|Peanut by Paul Hoppe|
Sadie is starting at a new high school, and is worried about making friends. Being new is never easy, and she is afraid she will be doomed to suffer the tortures of high school alone. When Sadie reads an essay to the class about her peanut allergy and how it effects every aspect of her life, a few of her classmates take interest. They start a conversation, and before she knows it, Sadie has a group of friends all her own. And a super sweet boyfriend. She snagged one of those, too. The only problem is that Sadie doesn't really have a peanut allergy.
Sadie must be very careful about her charade. She has to hide it from her mother at home, and remember to avoid all peanut products at school. When the school nurse asks for medical forms, Sadie has a minor panic attack. She goes until November with the entire school convinced she is deathly allergic to peanuts. When a concerned teacher rushes her to the nurse because he thinks Sadie ate a peanut, the lie comes crashing down around her.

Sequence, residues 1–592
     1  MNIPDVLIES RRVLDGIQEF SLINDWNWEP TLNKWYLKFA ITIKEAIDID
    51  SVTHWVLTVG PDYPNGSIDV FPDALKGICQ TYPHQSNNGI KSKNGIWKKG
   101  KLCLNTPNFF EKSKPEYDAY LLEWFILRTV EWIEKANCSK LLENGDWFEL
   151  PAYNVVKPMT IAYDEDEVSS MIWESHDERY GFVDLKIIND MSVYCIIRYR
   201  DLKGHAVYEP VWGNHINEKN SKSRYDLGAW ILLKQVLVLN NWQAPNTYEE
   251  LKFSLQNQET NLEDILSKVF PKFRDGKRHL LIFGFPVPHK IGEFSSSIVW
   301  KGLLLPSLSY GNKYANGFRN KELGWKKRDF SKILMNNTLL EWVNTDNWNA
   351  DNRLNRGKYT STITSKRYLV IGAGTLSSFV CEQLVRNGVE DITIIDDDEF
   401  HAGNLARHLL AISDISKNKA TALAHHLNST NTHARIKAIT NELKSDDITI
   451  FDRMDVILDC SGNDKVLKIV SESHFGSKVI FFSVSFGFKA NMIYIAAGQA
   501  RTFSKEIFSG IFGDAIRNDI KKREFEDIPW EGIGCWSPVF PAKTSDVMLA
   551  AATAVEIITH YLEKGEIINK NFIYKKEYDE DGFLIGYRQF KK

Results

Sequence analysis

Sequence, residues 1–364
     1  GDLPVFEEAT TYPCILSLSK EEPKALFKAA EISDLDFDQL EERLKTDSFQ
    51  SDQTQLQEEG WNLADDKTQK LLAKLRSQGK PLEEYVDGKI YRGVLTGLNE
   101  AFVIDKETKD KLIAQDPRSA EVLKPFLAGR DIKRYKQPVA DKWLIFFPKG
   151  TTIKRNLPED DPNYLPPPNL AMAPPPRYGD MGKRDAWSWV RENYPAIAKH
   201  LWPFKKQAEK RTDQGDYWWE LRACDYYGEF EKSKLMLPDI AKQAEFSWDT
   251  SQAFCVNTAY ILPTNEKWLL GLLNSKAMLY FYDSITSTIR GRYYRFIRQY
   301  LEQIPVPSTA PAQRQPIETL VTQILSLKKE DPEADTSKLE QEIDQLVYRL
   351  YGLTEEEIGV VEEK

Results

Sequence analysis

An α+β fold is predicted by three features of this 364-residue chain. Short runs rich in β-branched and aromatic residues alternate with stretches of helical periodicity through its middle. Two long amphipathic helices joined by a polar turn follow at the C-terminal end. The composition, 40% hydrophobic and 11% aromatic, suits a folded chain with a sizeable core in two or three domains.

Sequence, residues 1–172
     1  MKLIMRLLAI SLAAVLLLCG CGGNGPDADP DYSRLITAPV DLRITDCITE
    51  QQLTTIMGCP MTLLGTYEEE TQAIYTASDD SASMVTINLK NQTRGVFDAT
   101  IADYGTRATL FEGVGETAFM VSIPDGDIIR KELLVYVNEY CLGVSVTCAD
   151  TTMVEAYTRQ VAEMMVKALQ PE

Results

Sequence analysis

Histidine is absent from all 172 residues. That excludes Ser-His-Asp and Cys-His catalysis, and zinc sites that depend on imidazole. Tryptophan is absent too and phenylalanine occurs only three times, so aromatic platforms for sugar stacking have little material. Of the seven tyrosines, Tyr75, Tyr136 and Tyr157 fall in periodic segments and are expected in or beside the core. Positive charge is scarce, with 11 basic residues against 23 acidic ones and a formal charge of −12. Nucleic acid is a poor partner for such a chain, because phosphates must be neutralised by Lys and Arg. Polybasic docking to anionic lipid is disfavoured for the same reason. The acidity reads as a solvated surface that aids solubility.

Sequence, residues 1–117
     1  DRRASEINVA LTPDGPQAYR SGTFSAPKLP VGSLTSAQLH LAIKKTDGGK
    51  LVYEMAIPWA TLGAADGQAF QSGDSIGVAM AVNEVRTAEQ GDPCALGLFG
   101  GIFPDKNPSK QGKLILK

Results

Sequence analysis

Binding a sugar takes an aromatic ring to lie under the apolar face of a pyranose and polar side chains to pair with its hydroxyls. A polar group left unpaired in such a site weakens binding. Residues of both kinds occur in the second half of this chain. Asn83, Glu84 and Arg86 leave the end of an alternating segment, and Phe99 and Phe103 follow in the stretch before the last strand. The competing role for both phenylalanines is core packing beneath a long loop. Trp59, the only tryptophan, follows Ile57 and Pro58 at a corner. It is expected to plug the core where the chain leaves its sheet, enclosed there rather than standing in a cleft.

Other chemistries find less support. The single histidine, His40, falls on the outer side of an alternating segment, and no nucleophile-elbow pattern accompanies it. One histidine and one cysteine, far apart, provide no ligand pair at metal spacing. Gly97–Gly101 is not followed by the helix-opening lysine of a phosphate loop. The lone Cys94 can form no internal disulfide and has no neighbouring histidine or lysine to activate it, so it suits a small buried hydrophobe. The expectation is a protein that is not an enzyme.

Yes, I read another graphic novel. I said I would, and I did. I did not like Peanut as much as I enjoyed Anya's Ghost, though. The illustrations were still great, and I liked that everything was in black and white except Sadie's pink shirt. However, the story annoyed me, which I should have seen it coming. When I picked it up, I selected it based on the cover. I love peanut butter with a passion, so naturally I was attracted to the lovely, delicious looking peanut on the cover. It made me want to eat a spoon full of peanut butter. Which I did. However, the downside of making a food-based decision when picking out a book is that I didn't base my decision on whether or not I would actually like the book. I even read the blurb and thought about how silly the plot seemed. But the peanut looked so yummy. Oops.
Ok, I'm done discussing my love affair with peanuts, peanut butter and anything peanut based. Back to Peanut. I can see how someone in high school might enjoy this book. It may make them feel better about themselves that they didn't go through such levels of insanity to make friends. Also, there are humorous parts, and the characters (besides Sadie) were easy to relate to. Sadie's friends were quirky, and there was just enough drama and romance sprinkled in. But not enough humor and quirkiness to make me forget how annoying I thought Sadie was and how ridiculous it is to fake a deathly allergy. Especially when one is pretending to be allergic to something as common and delicious as peanuts.
High 5 to for the cover design, though.